You can’t read every book. You can’t retain everything you read. Given these facts what counts as being well-read? It’s an interesting question to consider in a world where more and more books are being published every year thus making the goal of keeping up with knowledge nearly impossible. Even if you choose to specialize in one discipline, being well-read in that discipline is extremely difficult. But, is there a way to attain a level of general knowledge that is both achievable and useful? And, what are the benefits of such knowledge?
This is the title and argument of an interesting piece in the Chronicle of Higher Education (The Overworked Bachelor's Degree Needs a Makeover).
I would like to comment on two points raised in the article.
Gratitude seems in short supply online and even in person. Perhaps this is no surprise. But, it does surprise me and disappoint me as well. A few examples:
I recently had an email from a colleague in another university asking me for some advice on using badges in online classes. I sent an email back with links to the resources I use, badge graphics, descriptions of assignments, and links to course syllabi.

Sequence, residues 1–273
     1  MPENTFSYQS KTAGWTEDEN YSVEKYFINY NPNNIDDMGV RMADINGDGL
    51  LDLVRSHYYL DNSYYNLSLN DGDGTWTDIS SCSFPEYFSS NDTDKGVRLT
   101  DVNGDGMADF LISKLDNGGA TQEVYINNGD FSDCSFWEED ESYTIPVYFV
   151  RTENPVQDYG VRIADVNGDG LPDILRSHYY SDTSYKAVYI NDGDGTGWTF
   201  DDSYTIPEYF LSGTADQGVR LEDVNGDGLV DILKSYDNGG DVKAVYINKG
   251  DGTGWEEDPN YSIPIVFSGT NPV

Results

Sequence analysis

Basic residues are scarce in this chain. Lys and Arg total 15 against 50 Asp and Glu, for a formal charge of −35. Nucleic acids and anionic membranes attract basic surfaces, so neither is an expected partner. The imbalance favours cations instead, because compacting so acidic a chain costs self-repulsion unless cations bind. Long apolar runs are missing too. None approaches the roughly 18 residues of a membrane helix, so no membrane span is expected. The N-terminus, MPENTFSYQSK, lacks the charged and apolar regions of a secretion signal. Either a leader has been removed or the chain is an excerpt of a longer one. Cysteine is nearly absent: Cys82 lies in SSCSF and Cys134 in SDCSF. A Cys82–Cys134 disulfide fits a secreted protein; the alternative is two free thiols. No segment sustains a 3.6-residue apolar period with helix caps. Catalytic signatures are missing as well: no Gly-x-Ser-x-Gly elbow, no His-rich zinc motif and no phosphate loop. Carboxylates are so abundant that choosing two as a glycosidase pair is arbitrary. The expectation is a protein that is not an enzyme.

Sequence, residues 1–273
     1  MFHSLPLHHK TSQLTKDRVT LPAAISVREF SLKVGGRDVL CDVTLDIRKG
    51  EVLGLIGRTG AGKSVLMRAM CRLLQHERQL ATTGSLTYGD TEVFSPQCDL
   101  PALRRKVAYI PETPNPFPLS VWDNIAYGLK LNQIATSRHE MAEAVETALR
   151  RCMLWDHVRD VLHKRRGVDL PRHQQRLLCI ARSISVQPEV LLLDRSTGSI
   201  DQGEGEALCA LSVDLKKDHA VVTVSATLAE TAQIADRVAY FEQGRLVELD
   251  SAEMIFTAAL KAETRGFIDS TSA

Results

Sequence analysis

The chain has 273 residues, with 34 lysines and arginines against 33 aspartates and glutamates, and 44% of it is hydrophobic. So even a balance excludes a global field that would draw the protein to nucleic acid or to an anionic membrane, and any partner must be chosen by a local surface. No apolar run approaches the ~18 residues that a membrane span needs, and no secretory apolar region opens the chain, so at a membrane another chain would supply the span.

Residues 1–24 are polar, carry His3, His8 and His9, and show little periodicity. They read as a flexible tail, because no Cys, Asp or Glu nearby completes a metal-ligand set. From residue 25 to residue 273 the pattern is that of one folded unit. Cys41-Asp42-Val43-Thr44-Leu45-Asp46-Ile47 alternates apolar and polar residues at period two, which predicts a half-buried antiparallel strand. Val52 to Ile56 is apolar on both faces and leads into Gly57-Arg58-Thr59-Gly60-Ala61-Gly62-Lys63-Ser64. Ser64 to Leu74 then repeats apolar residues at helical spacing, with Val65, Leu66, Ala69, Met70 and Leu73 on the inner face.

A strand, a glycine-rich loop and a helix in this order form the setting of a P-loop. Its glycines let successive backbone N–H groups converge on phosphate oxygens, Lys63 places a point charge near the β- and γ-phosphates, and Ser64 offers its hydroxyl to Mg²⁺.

The response: nothing.
A few months ago I sent someone a copy of my recent CD of original music. The copy was not sent unsolicited but as the result of a fairly extensive conversation about various things including a shared interest in writing music.
The response: nothing.
I'm not whether these are just two isolated, atypical examples or indicative of a larger trend. I fear that a larger trend is at work.
I know people are busy. Everyone is busy, distracted, stressed, etc.
I don't expect effusive responses.
But, is it too much to expect a small "thank you?"
P.S. Thank you for reading my blog!
"I remember my dilemma in a concentration camp when faced with a man and a woman who were close to suicide; both had told me that they expected nothing more from life.
"I asked both my fellow prisoners whether the question was really what we expected from life.
"Was it not, rather, what life was expecting from us?"
If we’re really serious about teaching creativity and problem solving why not teach individual subjects through these skills as opposed to teaching individual subjects and hoping that students learn creativity and problem-solving as products.
Let's examine a few examples:
KEVIN J. BROWNE
Philosopher / Educator
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